Wake Owl – Wild Country EP

“What will become of the truth when we keep it in? Things we don’t remember when they ask us when. We did the things that we learned we shouldn’t do again. What wasn’t learned from mistakes, we will make them.” These opening lyrics help to push a complex and beautiful Wake Owl EP titled Wild Country. The Vancouver duo, playing with a few others, create a wonderfully full sound on this sweet five song EP. From subtle guitars to savory violin and comfortable vocals, the album is a treat.

That first song shows that Wake Owl have daring in their songwriting. They don’t just strum chords and sing simple lyrics. They are genre-bending, blurring the lines of folk, acoustic, and country music. In one sense they’re the sound that we’ll never hear on the radio. But, at the same time, they are the sound that we always hear on the radio. They do “pop” and “country” in ways that no one else is really doing them, but by definition that’s what they do.

The second song “You’ll Never Go” has a snazzy syncopated beat that conjures up the best of 90s alternative rock, stripped to its acoustic base. “Oh but don’t you say you never loved somebody…” A nostalgic tune about life well lived. When the band fills in, including keys and variety percussion, the song has a poppy folk sound a la The Lumineers. That’s pretty good company. In fact, that’s a pretty good indicator for your friends. “Hey friends… if you like the Lumineers, you should try out Wake Owl.”

The finger picking that initiates the track “Gold” will have even the most seasoned folk fan pricking up their ears. “So didn’t you find love or salvation in what they do? Heart is built of gold… ferries they are too… it’s in the hands you hold. How long can we ignore we build a little more and then we break our true?” Now, I may have misquoted a few of those lyrics, but this sounds like a song critical of what sociologists call “conspicuous consumption.” It’s ultimately a song about the “good life.” One of the key lyrics, all written over a strings-influenced folk sound, explains, “Let’s grab the heart of the world and turn them to the light.” Now there’s a fantastic lyric in a good song. Congrats Wake Owl… that’s the kind of thing that gets a nomination for song of the year in my book.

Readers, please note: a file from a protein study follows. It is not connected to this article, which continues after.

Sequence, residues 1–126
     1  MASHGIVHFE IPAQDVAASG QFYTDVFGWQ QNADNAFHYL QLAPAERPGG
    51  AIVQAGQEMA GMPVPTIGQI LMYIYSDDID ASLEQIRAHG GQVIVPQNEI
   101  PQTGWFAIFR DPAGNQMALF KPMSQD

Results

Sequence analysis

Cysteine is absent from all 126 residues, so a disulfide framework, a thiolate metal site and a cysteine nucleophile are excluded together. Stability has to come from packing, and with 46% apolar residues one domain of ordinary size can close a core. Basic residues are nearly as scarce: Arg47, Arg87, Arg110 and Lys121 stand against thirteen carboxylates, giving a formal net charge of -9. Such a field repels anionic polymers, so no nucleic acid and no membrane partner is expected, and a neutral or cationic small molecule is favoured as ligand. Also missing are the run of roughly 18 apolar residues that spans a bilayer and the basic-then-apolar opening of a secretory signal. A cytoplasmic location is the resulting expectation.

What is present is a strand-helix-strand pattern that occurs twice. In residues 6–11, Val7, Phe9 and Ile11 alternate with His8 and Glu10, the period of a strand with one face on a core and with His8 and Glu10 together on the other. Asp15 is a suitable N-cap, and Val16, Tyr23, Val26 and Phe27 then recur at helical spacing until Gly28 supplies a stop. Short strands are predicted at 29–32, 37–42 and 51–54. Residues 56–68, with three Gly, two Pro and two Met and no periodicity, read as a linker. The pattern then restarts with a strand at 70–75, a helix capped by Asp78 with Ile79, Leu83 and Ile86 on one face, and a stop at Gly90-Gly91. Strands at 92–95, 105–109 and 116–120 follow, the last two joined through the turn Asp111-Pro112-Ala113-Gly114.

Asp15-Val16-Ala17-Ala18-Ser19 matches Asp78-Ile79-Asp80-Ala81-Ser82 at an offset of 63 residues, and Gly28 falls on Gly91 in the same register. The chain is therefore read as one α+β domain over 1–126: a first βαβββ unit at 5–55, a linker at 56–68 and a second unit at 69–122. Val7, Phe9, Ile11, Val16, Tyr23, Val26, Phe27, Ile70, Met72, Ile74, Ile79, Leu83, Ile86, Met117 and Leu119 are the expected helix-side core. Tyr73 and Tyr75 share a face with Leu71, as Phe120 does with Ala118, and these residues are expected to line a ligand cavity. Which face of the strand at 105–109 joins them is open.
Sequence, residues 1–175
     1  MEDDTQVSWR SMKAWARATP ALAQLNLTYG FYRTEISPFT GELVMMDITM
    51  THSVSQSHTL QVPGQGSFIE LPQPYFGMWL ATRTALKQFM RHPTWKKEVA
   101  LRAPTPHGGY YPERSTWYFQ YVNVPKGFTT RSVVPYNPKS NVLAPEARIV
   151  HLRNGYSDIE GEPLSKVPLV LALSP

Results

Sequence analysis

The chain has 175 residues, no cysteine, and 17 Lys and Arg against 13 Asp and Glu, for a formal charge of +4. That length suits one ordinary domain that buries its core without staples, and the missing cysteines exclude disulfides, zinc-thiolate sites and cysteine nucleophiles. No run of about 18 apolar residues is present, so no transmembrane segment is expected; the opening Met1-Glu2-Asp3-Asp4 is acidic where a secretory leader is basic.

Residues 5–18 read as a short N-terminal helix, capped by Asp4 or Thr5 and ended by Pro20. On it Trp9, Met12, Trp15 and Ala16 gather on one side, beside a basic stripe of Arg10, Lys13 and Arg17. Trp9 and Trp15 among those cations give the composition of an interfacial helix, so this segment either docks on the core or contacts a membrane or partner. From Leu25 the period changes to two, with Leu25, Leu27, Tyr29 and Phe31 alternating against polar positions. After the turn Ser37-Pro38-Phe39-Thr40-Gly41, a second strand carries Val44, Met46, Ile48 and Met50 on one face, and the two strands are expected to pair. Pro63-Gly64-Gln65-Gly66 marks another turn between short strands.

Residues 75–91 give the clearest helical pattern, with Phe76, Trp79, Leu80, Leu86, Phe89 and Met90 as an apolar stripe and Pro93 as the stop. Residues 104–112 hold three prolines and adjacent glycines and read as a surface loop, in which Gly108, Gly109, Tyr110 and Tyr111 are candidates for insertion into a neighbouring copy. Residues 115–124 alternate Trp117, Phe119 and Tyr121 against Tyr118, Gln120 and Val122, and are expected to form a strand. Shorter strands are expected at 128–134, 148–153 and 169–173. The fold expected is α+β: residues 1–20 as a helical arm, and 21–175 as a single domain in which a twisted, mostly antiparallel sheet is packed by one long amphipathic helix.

“Grow” sounds like it could have emerged straight from the 1960s. Although it’s a typical “acoustic rock” song, the layered guitars and what sounds like a steel guitar in the background give it some interesting flavor. The “ohhs” don’t write well in a review, but really do make the song. The lyrics seem to be about a past relationship. The album ends with another single-word title “Seaside,” a song that works hard to create a picture of a beach in its aesthetic strums. The vocals on this track seem a little less polished and the song itself doesn’t seem to fit the style on the rest of the album. That said, it’s better than most of what’s been released by a lot of bands this year.

The takeaway on this EP is go ahead and get it. If you’re interested in the emerging “folk revival” bands like The Lumineers, this is a definite buy. These guys will definitely continue to improve in their songwriting. There’s an evident element of creativity that helps the words and music really “click” on songs, especially “Gold” on this album. So beyond the quality here, that promising songwriting will keep our ears on this band for many years.

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